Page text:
Article abstract


Nature Materials 3, 177 - 182 (2004)
Published online: 15 February 2004 | doi:10.1038/nmat1074

Subject Categories: Liquid crystals | Design synthesis and processing

Self-assembled liquid-crystalline gels designed from the bottom up

Michael D. Kempe1, Neal R. Scruggs1,3, Rafael Verduzco1,3, Jyotsana Lal2 & Julia A. Kornfield1


Liquid crystals are often combined with polymers to influence the liquid crystals' orientation and mechanical properties, but at the expense of reorientation speed or uniformity of alignment. We introduce a new method to create self-assembled nematic liquid-crystal gels using an ABA triblock copolymer with a side-group liquid-crystalline midblock and liquid-crystal-phobic endblocks. In contrast to in situ polymerized networks, these physical gels are homogeneous systems with a solubilized polymer network giving them exceptional optical uniformity and well-defined crosslink density. Furthermore, the unusually high-molecular-weight polymers used allow gels to form at lower concentrations than previously accessible. This enables these gels to be aligned by surface anchoring, shear, or magnetic fields. The high content of small-molecule liquid crystal (greater than or equal to95%) allows access to a regime of fast reorientation dynamics.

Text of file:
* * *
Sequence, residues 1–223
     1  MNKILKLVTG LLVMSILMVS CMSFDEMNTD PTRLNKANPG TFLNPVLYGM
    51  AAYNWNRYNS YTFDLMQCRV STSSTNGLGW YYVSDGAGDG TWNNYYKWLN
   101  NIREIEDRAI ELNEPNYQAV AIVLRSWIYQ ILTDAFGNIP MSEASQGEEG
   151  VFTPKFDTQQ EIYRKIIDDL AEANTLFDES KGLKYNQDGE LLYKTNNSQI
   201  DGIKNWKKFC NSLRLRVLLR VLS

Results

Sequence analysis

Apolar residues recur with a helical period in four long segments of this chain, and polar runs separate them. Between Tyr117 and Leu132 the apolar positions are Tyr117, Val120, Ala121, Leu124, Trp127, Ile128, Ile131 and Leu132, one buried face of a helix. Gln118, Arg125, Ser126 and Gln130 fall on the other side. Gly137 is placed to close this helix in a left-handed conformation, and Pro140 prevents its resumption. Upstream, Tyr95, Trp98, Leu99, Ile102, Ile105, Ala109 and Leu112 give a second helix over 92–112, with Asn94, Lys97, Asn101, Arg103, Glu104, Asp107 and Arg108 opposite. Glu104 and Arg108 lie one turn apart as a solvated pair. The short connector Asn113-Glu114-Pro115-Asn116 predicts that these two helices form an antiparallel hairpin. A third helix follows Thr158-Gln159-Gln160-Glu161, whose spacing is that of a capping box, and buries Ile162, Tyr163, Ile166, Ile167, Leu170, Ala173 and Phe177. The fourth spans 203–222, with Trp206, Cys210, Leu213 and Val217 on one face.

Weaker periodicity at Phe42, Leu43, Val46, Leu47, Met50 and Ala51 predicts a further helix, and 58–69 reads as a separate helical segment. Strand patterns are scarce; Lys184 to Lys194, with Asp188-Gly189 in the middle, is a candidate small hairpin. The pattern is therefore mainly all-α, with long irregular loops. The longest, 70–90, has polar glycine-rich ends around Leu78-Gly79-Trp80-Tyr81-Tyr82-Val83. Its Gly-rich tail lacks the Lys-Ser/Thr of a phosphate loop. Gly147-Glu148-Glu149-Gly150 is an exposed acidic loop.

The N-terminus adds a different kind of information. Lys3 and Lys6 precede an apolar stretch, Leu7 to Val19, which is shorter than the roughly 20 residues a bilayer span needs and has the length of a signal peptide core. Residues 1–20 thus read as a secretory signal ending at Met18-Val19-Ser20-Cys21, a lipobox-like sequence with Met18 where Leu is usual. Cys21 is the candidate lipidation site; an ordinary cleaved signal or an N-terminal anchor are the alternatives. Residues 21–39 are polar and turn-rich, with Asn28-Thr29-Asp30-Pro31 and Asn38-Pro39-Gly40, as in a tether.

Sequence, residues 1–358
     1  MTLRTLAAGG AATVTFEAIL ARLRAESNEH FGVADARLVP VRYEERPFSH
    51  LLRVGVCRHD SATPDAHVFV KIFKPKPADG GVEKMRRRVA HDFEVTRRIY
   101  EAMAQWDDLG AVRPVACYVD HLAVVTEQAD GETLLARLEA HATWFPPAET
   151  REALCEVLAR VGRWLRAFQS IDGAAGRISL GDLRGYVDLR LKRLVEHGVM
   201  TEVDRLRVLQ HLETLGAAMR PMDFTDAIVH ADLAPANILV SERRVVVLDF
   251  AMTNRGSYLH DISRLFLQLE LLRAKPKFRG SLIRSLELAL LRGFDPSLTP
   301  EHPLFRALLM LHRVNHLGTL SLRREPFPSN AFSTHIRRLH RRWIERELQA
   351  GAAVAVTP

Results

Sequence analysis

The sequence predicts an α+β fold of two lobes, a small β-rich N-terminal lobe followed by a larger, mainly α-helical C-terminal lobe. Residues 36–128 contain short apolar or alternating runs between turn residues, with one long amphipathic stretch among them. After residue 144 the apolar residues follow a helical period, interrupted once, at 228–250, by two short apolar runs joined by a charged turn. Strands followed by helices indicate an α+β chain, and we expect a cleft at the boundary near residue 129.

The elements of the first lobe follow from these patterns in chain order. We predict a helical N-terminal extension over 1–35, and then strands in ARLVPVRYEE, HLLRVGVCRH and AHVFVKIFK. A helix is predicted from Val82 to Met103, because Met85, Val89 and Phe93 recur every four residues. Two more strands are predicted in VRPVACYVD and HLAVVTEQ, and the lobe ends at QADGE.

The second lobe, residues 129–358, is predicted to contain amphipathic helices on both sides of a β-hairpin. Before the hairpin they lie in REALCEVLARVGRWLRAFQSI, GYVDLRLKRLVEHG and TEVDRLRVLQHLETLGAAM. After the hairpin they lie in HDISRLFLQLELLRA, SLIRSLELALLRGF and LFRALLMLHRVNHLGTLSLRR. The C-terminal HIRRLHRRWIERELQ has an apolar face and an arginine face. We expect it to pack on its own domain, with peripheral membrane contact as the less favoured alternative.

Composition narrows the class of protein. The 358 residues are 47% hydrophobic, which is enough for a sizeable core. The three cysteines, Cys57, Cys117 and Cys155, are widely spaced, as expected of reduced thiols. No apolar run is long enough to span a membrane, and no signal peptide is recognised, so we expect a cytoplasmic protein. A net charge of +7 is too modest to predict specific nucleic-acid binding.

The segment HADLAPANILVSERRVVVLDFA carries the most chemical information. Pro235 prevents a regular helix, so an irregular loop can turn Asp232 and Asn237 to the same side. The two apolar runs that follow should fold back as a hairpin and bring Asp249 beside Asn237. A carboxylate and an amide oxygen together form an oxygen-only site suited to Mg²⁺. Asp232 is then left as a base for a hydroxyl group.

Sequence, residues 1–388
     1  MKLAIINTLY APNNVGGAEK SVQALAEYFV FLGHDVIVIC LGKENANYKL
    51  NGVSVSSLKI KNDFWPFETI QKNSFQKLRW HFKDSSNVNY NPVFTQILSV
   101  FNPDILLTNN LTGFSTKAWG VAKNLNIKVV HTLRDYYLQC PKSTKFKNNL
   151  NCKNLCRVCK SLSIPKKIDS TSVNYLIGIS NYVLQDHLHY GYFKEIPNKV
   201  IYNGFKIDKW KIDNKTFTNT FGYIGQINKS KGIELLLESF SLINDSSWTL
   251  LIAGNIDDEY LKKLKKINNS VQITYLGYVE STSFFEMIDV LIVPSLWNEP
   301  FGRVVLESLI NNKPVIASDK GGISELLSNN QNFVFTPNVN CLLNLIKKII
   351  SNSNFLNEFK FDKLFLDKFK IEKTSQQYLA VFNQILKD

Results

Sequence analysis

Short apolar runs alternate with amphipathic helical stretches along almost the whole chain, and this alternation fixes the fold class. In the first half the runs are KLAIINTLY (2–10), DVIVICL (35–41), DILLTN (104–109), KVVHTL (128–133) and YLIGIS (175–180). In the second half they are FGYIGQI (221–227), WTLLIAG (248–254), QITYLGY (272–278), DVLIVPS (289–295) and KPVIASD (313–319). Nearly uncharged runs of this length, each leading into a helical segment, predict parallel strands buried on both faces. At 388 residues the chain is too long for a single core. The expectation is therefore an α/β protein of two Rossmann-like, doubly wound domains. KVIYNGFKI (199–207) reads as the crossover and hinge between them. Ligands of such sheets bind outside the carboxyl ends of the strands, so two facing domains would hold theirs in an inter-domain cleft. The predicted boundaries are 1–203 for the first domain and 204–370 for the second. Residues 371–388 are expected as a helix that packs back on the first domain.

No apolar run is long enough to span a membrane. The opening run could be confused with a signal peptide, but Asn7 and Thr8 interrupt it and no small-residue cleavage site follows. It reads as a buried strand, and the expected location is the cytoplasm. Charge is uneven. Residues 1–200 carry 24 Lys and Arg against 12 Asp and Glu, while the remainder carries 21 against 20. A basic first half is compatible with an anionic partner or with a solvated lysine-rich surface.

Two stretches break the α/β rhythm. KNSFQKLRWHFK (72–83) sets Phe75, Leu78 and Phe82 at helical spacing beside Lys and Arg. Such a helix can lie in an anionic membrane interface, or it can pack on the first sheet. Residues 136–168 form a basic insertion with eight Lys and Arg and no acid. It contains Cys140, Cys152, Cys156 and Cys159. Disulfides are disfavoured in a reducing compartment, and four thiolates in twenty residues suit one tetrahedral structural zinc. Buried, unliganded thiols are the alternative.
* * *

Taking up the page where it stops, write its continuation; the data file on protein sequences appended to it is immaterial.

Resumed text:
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  1. California Institute of Technology, 1200 East California Boulevard, Pasadena, California 91125, USA
  2. Argonne National Laboratory, 9700 South Cass Avenue, Argonne, Illinois 60439, USA
  3. These authors contributed equally to the work

Correspondence to: Julia A. Kornfield1 e-mail: jak@cheme.caltech.edu



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